mardi 22 avril 2008

Speciations observed - but not in mammals.

Talkorigins claims speciation has been observed ... in plants and invertabrates. Exactly not in mammals who are exactly the type of animals where polyploidy is excluded. One event includes a diploid variety having as many chromosomes as a tetraploid would have - but noone observed it becoming diploid. The botanist found the new species among his plants:

5.1.1.1 Evening Primrose (Oenothera gigas)
While studying the genetics of the evening primrose, Oenothera lamarckiana, de Vries (1905) found an unusual variant among his plants. O. lamarckiana has a chromosome number of 2N = 14. The variant had a chromosome number of 2N = 28. He found that he was unable to breed this variant with O. lamarckiana. He named this new species O. gigas.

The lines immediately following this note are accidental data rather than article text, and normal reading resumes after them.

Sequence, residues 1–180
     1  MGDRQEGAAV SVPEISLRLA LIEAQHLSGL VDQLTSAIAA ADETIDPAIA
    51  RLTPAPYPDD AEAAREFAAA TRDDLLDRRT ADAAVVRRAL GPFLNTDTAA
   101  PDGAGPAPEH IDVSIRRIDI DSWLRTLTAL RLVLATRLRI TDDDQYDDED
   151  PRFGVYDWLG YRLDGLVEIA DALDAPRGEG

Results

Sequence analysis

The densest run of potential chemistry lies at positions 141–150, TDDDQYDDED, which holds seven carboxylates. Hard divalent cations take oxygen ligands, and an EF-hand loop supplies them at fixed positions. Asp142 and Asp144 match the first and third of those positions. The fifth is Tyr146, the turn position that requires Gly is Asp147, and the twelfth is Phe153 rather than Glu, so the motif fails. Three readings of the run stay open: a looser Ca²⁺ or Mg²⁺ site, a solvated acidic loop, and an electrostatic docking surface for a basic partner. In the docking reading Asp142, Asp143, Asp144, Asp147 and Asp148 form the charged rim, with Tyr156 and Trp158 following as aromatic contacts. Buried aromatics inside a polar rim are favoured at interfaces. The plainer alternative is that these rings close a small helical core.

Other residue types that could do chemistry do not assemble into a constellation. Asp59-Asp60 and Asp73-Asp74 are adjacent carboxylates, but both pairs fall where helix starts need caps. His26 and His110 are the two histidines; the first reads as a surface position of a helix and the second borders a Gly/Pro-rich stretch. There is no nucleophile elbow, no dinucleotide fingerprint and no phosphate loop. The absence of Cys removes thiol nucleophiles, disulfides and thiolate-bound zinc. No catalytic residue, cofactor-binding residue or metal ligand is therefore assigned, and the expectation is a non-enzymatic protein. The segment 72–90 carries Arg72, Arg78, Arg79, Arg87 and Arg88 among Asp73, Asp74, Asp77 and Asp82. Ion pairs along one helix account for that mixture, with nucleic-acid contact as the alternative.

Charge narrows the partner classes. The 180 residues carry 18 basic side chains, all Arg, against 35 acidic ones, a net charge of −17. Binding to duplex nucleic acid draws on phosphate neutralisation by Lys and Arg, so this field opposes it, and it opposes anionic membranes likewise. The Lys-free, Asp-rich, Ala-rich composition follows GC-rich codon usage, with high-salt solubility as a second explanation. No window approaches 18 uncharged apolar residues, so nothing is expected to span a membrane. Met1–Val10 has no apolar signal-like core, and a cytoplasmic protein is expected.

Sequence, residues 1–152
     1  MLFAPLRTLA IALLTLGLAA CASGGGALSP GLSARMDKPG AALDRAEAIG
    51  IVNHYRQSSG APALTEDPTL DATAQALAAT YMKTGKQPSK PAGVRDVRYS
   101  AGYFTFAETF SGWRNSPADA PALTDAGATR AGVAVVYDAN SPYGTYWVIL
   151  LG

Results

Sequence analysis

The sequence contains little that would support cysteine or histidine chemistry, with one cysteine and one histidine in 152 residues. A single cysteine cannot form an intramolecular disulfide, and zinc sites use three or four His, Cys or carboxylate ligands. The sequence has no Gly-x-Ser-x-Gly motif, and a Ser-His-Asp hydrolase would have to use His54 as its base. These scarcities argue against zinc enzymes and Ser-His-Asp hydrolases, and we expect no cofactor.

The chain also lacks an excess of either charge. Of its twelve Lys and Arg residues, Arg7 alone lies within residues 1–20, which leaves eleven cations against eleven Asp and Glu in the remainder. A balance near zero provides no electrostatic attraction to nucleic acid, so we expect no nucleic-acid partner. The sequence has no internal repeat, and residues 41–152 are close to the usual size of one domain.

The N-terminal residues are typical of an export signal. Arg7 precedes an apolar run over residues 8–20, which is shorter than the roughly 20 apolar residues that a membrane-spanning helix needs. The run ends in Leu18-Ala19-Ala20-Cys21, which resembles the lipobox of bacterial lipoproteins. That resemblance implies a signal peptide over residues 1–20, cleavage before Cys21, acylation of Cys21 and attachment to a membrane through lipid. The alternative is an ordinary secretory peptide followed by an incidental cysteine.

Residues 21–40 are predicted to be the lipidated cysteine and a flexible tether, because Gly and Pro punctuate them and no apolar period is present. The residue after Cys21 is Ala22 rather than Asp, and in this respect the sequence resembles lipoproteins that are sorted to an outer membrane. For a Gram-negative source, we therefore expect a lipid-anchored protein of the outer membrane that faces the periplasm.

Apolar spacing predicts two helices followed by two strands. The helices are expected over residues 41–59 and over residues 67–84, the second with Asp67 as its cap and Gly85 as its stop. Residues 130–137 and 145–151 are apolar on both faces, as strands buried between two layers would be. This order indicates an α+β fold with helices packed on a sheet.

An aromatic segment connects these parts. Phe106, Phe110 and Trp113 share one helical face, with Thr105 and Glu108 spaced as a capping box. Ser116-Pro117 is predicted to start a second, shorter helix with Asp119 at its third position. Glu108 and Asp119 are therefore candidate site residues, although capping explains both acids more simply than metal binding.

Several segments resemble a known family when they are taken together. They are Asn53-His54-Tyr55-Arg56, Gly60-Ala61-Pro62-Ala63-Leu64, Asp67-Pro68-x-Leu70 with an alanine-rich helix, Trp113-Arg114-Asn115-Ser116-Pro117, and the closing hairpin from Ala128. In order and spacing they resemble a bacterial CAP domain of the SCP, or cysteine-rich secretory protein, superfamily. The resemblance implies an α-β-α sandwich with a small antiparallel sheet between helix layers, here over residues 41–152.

If he found it, how can he be sure it was offspring of his previously studied plants? Because, you see, if the new chromosome number had been not 2n=28, but 4n=28, it would have been a very simple case of polyploidy. Here the question is: how did the 28 start out as 4*7 and end up as 2*14? Also, it is not specified (ha ha) if he could breed Oenothera gigas at all. There is of course cloning ...

As for diverse chromosome numbers (a k a karyotypes) in mice, they do not make different species, it seems. Do not ask me when and where Mus musculus domesticus with 2n=40 and such with 2n=22 have crossbred, but they count as same species, hence they have the same Latin name. A new chromosomal race of the house mouse, Mus musculus domesticus ...

A want-to-read: creationist Jack Cuozzo's book about Neanderthal man.

Back to Update on Chromosome numbers which forms part of anti-Darwinism series (other issues top links).

1 commentaire:

Hans-Georg Lundahl a dit…

http://o-x.fr/lsf is the new index post to this series.